US antitrust enforcers are abandoning their lawsuit against Qualcomm that accused the company of abusing its dominant position in chips that power smartphones, reported by Bloomberg.
The Federal Trade Commission (FTC) announced on Monday, March 29, that it won’t seek a Supreme Court review of a federal appeals court decision last year that found Qualcomm’s practices weren’t anticompetitive.
The decision formally ends litigation that began in January 2017 when the FTC in the closing days of the Obama administration sued Qualcomm. The agency won at trial, but the decision was reversed by a three-judge panel on the US appeals court in San Francisco. The full court declined to reconsider the decision.
FTC Acting Chairwoman Rebecca Kelly Slaughter, who wasn’t on the Commission when the lawsuit was filed, said in a statement that although she agreed with the trial court decision that Qualcomm violated antitrust laws, the FTC is facing “significant headwinds” in trying to overturn the appeals court ruling.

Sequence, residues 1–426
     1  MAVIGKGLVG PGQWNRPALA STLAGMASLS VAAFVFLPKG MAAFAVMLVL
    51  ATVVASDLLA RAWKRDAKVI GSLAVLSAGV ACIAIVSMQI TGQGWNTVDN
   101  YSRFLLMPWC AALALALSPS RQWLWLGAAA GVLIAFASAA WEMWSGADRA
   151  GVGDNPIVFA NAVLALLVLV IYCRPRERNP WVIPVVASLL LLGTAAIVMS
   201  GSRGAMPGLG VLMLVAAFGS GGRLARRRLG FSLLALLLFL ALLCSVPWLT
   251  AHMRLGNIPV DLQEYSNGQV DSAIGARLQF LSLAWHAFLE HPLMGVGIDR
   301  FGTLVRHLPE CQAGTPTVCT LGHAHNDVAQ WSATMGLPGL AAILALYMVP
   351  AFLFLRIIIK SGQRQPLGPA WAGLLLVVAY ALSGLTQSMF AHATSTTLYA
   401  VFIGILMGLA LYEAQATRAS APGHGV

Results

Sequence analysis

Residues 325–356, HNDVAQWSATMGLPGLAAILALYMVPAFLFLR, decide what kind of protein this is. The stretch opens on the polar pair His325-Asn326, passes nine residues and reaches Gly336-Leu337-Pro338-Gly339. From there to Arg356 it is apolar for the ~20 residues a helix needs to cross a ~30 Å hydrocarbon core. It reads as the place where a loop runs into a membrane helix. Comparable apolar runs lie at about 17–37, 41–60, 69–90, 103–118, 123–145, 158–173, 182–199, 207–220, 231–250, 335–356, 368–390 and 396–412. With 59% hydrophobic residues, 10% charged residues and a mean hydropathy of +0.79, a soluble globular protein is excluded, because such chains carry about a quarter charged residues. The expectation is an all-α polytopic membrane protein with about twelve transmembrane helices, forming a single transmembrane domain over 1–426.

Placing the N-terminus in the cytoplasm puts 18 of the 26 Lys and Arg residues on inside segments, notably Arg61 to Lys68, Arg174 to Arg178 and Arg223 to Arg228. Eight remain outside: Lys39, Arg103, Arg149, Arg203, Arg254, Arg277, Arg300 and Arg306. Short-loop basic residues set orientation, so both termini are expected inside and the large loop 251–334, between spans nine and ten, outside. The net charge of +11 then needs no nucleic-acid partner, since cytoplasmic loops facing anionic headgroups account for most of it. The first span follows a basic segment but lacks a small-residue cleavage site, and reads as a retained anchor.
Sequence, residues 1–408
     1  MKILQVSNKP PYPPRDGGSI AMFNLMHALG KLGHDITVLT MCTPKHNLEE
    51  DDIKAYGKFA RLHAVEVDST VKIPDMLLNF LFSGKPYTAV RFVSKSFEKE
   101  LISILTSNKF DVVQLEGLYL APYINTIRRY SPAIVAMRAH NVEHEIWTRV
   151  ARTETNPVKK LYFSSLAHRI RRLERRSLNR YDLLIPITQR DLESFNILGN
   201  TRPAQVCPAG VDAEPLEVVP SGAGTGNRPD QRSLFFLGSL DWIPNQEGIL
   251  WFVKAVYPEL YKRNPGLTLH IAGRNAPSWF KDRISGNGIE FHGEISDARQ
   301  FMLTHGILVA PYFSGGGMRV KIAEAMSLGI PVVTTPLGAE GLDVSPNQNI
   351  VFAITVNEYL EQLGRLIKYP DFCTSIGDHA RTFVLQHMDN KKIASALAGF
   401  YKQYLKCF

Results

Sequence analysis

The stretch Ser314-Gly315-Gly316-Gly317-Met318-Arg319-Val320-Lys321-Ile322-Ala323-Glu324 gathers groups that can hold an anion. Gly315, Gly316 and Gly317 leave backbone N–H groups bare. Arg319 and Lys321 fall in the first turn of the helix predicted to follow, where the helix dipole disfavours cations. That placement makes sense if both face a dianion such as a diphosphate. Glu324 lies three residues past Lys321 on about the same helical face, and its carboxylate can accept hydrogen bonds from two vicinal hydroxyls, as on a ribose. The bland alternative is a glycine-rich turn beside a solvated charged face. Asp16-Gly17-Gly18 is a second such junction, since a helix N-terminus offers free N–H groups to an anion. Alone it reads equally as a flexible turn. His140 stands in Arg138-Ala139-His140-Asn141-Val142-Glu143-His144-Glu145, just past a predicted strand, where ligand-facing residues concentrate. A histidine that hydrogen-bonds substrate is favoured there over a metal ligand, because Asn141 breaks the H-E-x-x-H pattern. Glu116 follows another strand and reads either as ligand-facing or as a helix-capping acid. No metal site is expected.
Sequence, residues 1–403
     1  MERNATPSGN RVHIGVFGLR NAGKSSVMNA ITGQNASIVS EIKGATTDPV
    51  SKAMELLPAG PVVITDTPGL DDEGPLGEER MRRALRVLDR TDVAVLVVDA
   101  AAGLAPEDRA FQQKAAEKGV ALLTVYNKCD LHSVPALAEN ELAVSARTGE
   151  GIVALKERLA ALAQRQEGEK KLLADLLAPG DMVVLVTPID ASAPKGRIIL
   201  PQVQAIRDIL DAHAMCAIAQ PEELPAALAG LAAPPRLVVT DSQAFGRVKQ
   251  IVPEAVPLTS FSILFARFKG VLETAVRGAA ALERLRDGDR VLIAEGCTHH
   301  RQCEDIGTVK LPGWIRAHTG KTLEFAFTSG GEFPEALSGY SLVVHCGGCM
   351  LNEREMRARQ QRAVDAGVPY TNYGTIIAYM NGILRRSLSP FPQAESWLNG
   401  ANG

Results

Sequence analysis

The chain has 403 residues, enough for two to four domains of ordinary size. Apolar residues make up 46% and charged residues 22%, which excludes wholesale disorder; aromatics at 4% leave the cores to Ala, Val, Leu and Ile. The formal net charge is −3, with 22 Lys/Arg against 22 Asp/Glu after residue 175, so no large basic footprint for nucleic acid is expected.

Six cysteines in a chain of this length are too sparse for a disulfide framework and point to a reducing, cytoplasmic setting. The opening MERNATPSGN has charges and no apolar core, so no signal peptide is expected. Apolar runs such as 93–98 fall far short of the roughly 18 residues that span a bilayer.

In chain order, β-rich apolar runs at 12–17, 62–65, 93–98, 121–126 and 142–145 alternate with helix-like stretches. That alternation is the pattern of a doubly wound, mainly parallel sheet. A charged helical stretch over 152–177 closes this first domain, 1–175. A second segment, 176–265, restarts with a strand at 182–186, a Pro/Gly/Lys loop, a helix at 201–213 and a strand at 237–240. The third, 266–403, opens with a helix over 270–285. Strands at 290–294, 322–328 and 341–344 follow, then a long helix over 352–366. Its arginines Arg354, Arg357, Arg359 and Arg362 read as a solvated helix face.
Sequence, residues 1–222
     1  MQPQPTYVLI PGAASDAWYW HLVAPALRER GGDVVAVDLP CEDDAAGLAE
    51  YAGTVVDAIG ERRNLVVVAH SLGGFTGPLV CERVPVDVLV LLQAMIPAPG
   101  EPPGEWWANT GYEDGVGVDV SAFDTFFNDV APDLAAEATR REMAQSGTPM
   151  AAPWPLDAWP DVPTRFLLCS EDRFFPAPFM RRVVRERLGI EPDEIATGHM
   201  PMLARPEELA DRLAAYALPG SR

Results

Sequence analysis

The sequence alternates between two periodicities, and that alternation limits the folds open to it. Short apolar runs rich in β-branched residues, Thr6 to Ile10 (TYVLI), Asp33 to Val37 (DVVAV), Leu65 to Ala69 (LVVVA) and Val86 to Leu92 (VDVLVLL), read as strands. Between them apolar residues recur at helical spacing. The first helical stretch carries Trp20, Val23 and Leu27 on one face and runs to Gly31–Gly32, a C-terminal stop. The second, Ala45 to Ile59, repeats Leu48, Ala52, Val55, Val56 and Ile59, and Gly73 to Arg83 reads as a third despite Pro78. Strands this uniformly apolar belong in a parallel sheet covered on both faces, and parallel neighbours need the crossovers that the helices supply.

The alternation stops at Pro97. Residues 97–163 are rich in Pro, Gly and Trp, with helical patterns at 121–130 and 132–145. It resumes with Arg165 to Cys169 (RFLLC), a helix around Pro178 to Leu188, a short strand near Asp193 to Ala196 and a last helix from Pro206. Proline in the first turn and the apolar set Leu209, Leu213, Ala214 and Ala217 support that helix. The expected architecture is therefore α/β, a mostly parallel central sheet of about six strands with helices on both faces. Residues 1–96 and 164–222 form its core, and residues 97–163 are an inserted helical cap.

“Now more than ever, the FTC and other law enforcement agencies need to boldly enforce the antitrust laws to guard against abusive behavior by dominant firms, including in high-technology markets and those that involve intellectual property,” she said.
When it was filed, the Qualcomm case represented one of the rare examples of US antitrust officials taking action to stop allegedly anticompetitive conduct by a major company to protect its dominant position in a market.